“They just don’t care about academics,” Shipman explains. “They don’t care if they are failing. They want more immediate feedback that I see a lot of times when they’re on their phones playing games or watching a video. They want to be constantly entertained, and I have some students that struggle to work independently.”

Working with students with such strikingly different attitudes has forced
Shipman to alter her approach, and she
has found new ways to harness their motivations and better reach them.

“If you can praise them, or sometimes I may reward them, it can motivate them,” Shipman says. “I may reward a whole group. They love Mexican candy. I also use Croc charms, water bottle stickers, and things like that. They are still very much motivated by those extrinsic rewards at this point.”

Defining a Generation

Members of Generation Alpha have lived their short lives in a time radically different from the generations that came before them. Their experiences have shaped their behaviors and beliefs in ways that are noticeably different from their older peers. While these differences may present educators with unique challenges for working with Generation Alpha, Forbis believes that many teaching techniques will still work with this generation.

“You can still use some of the same practices we’ve used over the years,” Forbis says. “It’s just you may have to tweak it a little bit to meet that need. Ultimately, I just think it is so important that you have relationships with your kids and that you really know them. There’s that saying that if they know you care about them, they’re more willing to work harder for you. I really believe that.”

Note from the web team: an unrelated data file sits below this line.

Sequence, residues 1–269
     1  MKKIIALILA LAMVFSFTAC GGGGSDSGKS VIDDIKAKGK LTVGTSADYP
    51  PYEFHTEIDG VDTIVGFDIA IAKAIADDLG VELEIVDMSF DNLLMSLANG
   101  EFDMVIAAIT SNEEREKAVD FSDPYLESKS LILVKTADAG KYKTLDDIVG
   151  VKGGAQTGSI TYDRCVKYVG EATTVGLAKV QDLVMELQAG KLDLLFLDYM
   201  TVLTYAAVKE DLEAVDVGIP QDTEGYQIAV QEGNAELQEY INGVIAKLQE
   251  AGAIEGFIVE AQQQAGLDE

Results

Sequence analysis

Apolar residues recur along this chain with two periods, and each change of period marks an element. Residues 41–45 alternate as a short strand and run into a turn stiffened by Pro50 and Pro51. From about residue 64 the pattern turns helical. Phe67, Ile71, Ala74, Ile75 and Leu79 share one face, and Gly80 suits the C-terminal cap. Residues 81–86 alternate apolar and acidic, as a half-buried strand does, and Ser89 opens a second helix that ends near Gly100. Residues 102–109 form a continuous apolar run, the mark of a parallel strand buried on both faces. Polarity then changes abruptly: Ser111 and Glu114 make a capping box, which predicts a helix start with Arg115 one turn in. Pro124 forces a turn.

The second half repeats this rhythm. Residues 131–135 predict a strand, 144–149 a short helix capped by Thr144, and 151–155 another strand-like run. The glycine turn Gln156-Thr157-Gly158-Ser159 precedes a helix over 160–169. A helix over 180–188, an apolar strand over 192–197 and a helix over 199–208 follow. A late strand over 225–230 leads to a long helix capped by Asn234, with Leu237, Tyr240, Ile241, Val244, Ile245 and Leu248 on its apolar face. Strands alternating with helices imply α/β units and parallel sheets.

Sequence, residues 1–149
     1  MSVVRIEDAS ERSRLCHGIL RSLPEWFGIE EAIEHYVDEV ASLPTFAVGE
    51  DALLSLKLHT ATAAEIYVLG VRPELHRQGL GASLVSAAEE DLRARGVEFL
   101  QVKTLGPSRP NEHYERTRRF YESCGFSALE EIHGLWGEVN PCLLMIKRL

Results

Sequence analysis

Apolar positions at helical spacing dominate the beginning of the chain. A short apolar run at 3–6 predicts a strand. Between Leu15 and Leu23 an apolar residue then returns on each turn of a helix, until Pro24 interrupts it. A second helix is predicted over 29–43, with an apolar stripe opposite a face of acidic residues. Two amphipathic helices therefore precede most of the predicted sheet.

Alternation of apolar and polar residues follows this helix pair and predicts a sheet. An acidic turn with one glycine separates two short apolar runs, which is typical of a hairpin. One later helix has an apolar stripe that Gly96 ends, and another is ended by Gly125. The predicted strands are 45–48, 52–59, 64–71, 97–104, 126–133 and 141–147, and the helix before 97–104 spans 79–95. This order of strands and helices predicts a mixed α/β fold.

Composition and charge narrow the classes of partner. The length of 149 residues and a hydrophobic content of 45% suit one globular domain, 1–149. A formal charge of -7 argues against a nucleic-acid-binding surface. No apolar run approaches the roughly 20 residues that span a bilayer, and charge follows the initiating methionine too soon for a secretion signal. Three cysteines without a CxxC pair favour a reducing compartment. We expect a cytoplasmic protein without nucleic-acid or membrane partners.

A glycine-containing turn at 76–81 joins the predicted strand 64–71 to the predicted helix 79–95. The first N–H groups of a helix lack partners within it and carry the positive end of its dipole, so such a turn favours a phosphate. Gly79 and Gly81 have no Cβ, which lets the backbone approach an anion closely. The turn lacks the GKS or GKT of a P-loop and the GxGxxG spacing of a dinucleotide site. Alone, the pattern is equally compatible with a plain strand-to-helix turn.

While Generation Alpha students are certainly different from previous generations, Shelton points out that educators have successfully adapted to teaching previous generations that may have posed their own unique challenges.

“I think back to when I first started teaching, and it makes me laugh because I was always just barely keeping my head above water,” Shelton recalls. “I remember talking to my mentor next door and I was like, ‘Oh my gosh, how do you do this?’ So when I hear people say something like, ‘Kids these days are so much harder to teach than they were before,’ I just think I am not sure if that’s true. We might be looking at the past through rose-colored glasses and forgetting those times were hard too.”

One thing that is certain, however, is that members of Generation Alpha are just beginning to affect both education and the world at large. According to Boucher and other generational researchers, we are only in the earliest stages of learning how exactly they will do that.

“This is an emerging generation, and we have many years left to determine how they will be defined, described, and distinguished from other generations,” Boucher says. “We only know a little about this group so far because our world is changing so rapidly. However, because of this, Generation Alpha is primed to be one of the most unique generations to ever exist.”